Make the Most your Hairs natural texture

Updated: Jan 28

I’m going to let you in on a little secret: The best way to streamline your morning routine is to call a cease-fire in your war with Mother Nature. When you work with your hair texture to make it look its best, your only worry will be what to do with all this newfound free time. In an ideal world, everyone would wake up with flawless hair, but unless you sleep standing up, you’re likely beginning your morning with some bed head. But before you default to a quick, messy bun to get you out the door on time, try taking advantage of your hair’s natural texture to create a styled look in minimal time.


If your hair is straight: Start smoothing in the shower. Look for a shampoo and conditioner that contain ingredients to smooth (usually silicones like dimethicone), advises celebrity hairstylist Nathaniel Hawkins. "It will help the outer cuticle of your hair lie flat so it looks shinier once it dries," he says.

Remove as much moisture as possible. To get your hair to dry straight in a flash, immediately wrap it in a microfiber towel twist it up and give it a chance to really wick away excess moisture while you’re doing something else in your morning routine," Hawkins says.

Straight hair typically dries two different ways: Totally smooth with nary a flyaway, or with a bit of frizz you need to squash. If you’re in the first category, work a leave-in conditioner like through your hair. "Sometimes straight hair needs softening so it doesn’t seem too hard and straight, and a leave-in conditioner will do that without adding unnecessary hold," he says. If you find midday frizz creeps into your style, start your morning with a smoothing serum with three pumps in your hand, through your hair starting an inch away from your roots," he says.

Set things straight with your comb. If you want to air-dry or speed things up with a blow dryer, use a medium-size comb to set your desired part, then detangle through the length of your hair, Hawkins says. "This makes sure there are no bumps or twists as it dries," he says. If you do want to blow-dry, switch to a vent brush, which will speed up the process. "Use your nozzle attachment and your hair will get straight and smooth very, very quickly," he says.

Revive it the next day. To avoid repeating this process daily, sleep with your hair lifted up over your pillow (instead of down by your neck, where sweat and friction could make it frizzy). The next morning, mist all over with a leave-in conditioner heat-protecting spray and either blast it quickly with your drier or run a flat iron over it, Hawkins says.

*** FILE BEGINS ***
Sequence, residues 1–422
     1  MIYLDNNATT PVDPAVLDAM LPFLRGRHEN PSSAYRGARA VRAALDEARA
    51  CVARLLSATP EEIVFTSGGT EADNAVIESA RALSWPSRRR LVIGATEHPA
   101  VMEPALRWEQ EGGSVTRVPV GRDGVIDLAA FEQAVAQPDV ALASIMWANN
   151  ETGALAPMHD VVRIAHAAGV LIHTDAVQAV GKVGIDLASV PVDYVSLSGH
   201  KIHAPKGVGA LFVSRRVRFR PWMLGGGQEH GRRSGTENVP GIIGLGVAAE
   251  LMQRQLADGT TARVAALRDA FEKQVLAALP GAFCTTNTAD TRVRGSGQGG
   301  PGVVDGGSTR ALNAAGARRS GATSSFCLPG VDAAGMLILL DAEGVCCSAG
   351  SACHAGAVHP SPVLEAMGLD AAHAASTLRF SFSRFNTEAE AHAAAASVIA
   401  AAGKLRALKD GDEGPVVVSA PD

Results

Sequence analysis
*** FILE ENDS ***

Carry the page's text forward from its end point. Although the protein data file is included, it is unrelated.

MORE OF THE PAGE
Get beachy from the get-go. "Usually women with wavy hair are looking for that beachy wave look, so start with a shampoo and conditioner meant to re-create it," Hawkins says. Or opt for formulas designed for curly hair, but avoid conditioners that look too dense or sticky—they’ll weigh down your waves.

Towel-dry only slightly. Use a microfiber towel to get rid of sopping wet excess moisture, but don’t wait too long to use a styling product. "You want your hair to be fairly damp because the moisture helps the wave form," Hawkins says.


Ride out the right wave. Hawkins says if your natural ripples need coaxing, try a sea salt spray to energize your waves. If your hair tends to get too fluffy, stick with a styling lotion, which will help tame it to be defined while defrizzed. After you’ve worked it through your entire hair, comb through strands with a wide-tooth comb. "This makes sure it’s distributed evenly," he says.

Dry it right. To speed your drying time, use your blow dryer on the hottest setting with the diffuser attachment and just hold it up to your hair (instead of leaning over to one side and cupping it in the bowl). "This dries off most of the moisture to prevent any crispness from forming," Hawkins says. Do this for just five minutes, and you’ll love the way your waves form as they continue to air-dry. And one other thing—keep your hands out of it until at least 80 percent of the moisture is gone. "Once it looks dry but still feels a little damp to the touch, that’s when you can scrunch it a bit to give your waves a boost," he says.

Sleep smart. Normally you sleep in braids to create fake waves, but Hawkins says the move will help keep natural ripples in top shape, too. "Do two loose braids—don’t pull tightly to create a lot of tension—then tie off strands with a loose elastic," he says. In the morning, shake them out, mist all over with the sea salt spray, and gently scrunch it into hair with your head upside down to revive your volume and body.

Consider skipping shampoo altogether.

"Curls need as much moisture as they can get, which is why this is a great option for them," Hawkins says. It’s OK if you don’t feel squeaky clean—any leftovers will only act like a styling product to control frizz.

Be your own mixologist. All curls are not created equal, so Hawkins says it takes some trial and error to get the best styling product (or products) to tame your curls the way you like. Make sure you evenly coat your curls with product, he suggests flipping your head over and squeezing it into hair from roots to ends. "You don’t want to rake through the top levels of your hair because it can break up the formation, so this gets product in without disrupting those curls," he says.

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